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Common Tax Deductions for Construction Workers

Updated for Tax Year 2021 • August 17, 2022 12:20 PM


Regardless of your trade in the construction industry, allowable tax deductions can lower your tax liability and possibly lead to getting a tax refund. You can deduct common expenses such as tools and materials, and even certain other items that come in handy in your business or on the job.

A construction worker taking a break on site

Who can take deductions

If you're an employee for a construction company, rather than an independent contractor, and your employer doesn't reimburse you for expenses on the job, you can usually deduct them for tax years prior to 2018. Beginning in 2018, unreimbursed employee expenses are no longer deductible. Independent contractors generally have no limit on the ability to deduct work related expenses as long as they are ordinary and necessary for your line of work.

Mileage could be your biggest tax deduction

The driving that you do while going to and from job sites can be a deductible expense. You can also deduct mileage for other work-related travel such as:

  • from one work location to another
  • to meet with clients
  • to buy tools and materials for a construction job

The IRS allows two methods for calculating the cost of using your vehicle for your business, actual expenses or standard mileage. The standard mileage rate you can write off changes every year.

  • For tax year 2021, the amount you can deduct is 56 cents per mile. For the first half of 2022 the rate is 58.5 cents per mile and increases to 62.5 cents per mile for the last half of 2022.
  • For your records, document all dates, miles traveled, and the construction-related purpose of each trip.
  • It may be a good idea to use a mobile app, like QuickBooks Self-Employed, to help keep track of these miles for you.

You can also calculate the actual expense of using a vehicle for construction-work purposes, rather than using the standard mileage rate.

  • Actual expenses might be beneficial especially if you had a large vehicle-related expense, such as a major repair.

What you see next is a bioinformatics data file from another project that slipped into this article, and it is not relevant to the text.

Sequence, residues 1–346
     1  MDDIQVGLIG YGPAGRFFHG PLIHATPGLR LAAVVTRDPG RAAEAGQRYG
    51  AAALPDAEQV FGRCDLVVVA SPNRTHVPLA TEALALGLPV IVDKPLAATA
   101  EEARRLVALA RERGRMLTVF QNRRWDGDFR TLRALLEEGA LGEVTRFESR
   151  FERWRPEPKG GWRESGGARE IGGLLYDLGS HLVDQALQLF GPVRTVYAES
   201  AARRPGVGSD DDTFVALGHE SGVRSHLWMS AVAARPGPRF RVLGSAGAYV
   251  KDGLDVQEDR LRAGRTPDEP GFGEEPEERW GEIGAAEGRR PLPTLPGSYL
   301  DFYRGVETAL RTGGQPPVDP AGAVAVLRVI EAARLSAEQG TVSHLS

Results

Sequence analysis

It often pays to calculate your expenses both ways to see which produces the larger deduction.

Tax deductions for tools of the trade

You can usually deduct the full cost of some tools and equipment immediately, and the cost of certain long-lasting tools over a certain period of time. Items constructions workers can deduct in the year incurred, or bought, typically include:

  • car and truck expenses
  • advertising and marketing
  • subcontractor or employee salaries
  • supplies and materials
  • small tools that are expected to last a year or less

Items you buy that are expected to last more than one year are considered business assets, such as:

  • cement mixers
  • compressors
  • ladders
  • buildings and real estate
  • other heavy machinery

Since you will continue to use these items for multiple years, they usually need to be depreciated over their useful lives. That means that each year you claim a portion of them on your taxes, their remaining value will decrease. For example, if a cement mixer costs $60,000 and has a depreciation life of 10 years, each year you will need to remove $6,000 from its value when you claim it as an expense. Years 1 and 2 would look like this:

Year 1: Value at beginning of year: $60,000

Depreciation amount: $6,000 ($60,000 ÷ 10 = $6,000)

Value at end of year: $54,000 ($60,000 - $6,000 = $54,000)

Year 2: Value at beginning of year: $54,000

Depreciation amount: $6,000

Value at end of year: $48,000 ($54,000 - $6,000 = $48,000)

Steel-toed boots are a shoe-in at tax time

Hard hats, boots, and tool belts are essential to the construction trades and definite business deductions. When used for the sole purpose of construction work, the clothing you wear on the job and the gear you purchase exclusively for construction work can be tax deductible.

You can usually take a deduction for an allowable expense that you did not receive a reimbursement for.

Don't forget to deduct fees

The costs associated with learning, joining, and maintaining a job in construction can be tax deductible, too. As a construction worker, you may have paid the following tax-deductible expenses:

  • trade school tuition
  • subscriptions to trade or technical journals
  • memberships to construction organizations, unions, and business associations and leagues
  • licensing fees, including renewals

Flexibility in Figuring Out What's Deductible

Contractors, subcontractors, and construction workers work full time, seasonally, or often have side jobs. To ensure you pay the correct amount of taxes, keep track of your "ordinary and necessary" expenses for each of your jobs should the IRS ask for documentation.

  • An ordinary expense is a common cost or expenditure, and a necessary expense is a useful and appropriate expense that helped you in your construction business or job.
  • Although it's called "necessary," the expense doesn't have to be indispensable to be deductible. For example, if you pursued continuing education in your field that wasn’t required, you can likely claim it.

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